QB Soloist Teri Crilly hangs up her pointes

Teri Crilly retires from the stageAfter more than 10 years, one of Queensland Ballet’s most recognised and loved dancers, Teri Crilly, has hung up her pointe shoes and retired from the stage. The company celebrated her stellar ballet career following her last performance in the lead role of Edith in La Bayadère on Saturday, March 31.


Artistic Director Li Cunxin said, “This is such big news for us as Teri is certainly one of the ‘faces’ of Queensland Ballet and is adored by our audiences. Every time she steps on stage, she lights up the theatre and her larger than life presence will be sorely missed.”


He continued, “Teri is the epitome of dedication and commitment in everything she does from her training to her absolute immersion in a character. She is perhaps best known as ‘Clara’, the face of our annual production of The Nutcracker, and has brought such grace, joy and beauty to our performances.”


Crilly has not gone very far though, as she has now joined the company’s Internal and External Relations team in the role of QB Relations.


“This role will see Teri work across both our philanthropy team and also internal relations (including dancer wellbeing) and I have no doubt she will continue to shine in these areas,” Li said. “We couldn’t be happier that she will remain as part of the QB family.”


Crilly started with QB in 2007 as a guest artist with the company before she completed her professional year in 2008. She became a company dancer in 2009 and was then promoted to demi-soloist (now soloist) in 2015.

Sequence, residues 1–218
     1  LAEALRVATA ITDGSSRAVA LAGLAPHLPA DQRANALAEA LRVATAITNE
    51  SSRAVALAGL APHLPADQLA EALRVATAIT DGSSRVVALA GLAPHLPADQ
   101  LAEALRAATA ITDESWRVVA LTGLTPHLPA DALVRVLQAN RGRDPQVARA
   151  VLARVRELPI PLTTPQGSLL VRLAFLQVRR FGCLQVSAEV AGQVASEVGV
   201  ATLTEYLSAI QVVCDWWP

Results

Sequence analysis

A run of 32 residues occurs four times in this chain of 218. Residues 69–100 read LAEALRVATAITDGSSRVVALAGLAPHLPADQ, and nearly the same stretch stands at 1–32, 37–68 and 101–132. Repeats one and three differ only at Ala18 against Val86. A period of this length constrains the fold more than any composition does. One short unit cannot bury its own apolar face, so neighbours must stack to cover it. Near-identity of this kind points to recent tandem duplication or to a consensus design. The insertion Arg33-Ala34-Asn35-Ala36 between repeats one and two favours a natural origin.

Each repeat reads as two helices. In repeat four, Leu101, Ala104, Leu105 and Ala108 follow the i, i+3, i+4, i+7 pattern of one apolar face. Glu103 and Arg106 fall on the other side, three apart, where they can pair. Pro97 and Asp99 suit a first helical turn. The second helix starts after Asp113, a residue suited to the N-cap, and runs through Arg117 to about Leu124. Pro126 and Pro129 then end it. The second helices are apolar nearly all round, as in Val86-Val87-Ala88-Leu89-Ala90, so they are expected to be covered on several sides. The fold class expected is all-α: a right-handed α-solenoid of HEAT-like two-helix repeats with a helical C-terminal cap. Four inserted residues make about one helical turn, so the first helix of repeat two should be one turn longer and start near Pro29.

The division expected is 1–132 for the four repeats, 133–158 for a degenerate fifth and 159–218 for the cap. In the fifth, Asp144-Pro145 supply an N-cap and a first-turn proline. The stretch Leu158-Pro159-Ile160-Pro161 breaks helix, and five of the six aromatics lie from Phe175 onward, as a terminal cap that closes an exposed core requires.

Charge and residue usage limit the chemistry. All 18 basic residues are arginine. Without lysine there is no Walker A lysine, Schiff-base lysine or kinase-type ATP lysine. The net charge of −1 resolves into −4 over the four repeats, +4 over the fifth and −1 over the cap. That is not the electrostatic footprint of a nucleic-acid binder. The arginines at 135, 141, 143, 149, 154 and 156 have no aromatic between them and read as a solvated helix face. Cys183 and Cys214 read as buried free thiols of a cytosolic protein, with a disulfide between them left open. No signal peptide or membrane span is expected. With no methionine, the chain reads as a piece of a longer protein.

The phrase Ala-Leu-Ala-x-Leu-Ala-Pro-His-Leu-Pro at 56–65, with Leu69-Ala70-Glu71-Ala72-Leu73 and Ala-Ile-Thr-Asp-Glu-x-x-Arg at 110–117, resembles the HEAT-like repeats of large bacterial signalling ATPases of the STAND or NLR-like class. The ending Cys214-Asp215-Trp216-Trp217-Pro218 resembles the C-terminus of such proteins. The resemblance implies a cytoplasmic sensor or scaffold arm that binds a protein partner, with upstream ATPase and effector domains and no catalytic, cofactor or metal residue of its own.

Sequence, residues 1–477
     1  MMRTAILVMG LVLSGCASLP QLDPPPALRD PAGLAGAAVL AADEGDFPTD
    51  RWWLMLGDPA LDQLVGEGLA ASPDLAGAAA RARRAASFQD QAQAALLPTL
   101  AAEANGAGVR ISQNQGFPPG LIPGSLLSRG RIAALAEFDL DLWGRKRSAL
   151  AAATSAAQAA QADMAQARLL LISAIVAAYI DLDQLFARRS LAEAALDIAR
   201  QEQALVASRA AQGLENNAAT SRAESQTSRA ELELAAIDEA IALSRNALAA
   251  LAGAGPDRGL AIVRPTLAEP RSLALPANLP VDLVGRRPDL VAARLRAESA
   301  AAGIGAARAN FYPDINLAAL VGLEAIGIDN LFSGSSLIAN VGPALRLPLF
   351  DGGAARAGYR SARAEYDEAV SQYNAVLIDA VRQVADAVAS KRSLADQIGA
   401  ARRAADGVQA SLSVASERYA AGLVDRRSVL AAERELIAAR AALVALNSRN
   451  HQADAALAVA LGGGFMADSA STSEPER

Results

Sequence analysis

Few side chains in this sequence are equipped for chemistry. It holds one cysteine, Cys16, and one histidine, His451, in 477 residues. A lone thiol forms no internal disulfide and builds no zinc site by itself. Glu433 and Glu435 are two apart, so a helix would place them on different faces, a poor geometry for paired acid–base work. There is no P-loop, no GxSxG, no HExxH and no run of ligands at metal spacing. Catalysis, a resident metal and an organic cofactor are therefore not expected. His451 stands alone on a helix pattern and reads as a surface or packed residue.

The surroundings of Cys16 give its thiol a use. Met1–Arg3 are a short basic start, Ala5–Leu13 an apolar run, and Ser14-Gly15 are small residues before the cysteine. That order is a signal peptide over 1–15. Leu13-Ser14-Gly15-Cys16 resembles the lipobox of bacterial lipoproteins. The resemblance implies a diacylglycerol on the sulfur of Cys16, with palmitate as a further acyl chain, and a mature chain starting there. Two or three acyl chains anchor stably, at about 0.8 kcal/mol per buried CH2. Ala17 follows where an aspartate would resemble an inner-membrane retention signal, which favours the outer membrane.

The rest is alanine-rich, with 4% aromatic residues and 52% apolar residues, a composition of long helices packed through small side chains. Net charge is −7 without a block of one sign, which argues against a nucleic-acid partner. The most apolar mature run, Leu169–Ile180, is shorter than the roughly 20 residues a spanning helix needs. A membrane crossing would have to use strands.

Crilly said she is excited about this next phase of her career with Queensland Ballet and had made the decision to retire while she was still at her very best to explore new opportunities.


“It’s never an easy decision to retire from something you’ve dedicated your entire life to. I’ve been dancing from the age of six and it’s not just what I do, it’s a part of who I am,” she said.


“Sometimes as dancers we’re not always in control of the decision to retire, sometimes its dictated by injury or other factors. I feel very grateful that I’ve had the opportunity to plan this path of my career and be able to map it out in my own time and on my own terms,” she continued.


“I’ve learnt so much throughout my time as a dancer and performer and a lot of what I’ve learnt through being a dancer is transferable to other careers. I’m so excited to start this next chapter with QB and to work for an organisation that I’m incredibly passionate about in a different capacity.”


She also expressed her deep gratitude to Li and Francois Klaus (former artistic director at QB) for the opportunities they gave her, saying they both encouraged her to “shine” throughout her 10 years. She then thanked her family, who had supported her, helping to make her dreams come true.


“And of course, the audience – they’ve been there from day one,” she added. “I know all my fellow dancers agree: the audience is the reason we do what we do. Their support, their encouragement and appreciation for our artform makes the hard work worthwhile.”


Crilly concluded, “My fellow dancers have been a constant source of inspiration for me every day in the studio and on stage so I’m thrilled I’ll still be working with them. Part of my heart will always be on the stage, but I’m also taking this next step with excitement and anticipation for wonderful things.”


Photo: Teri Crilly. Photo by David Kelly.

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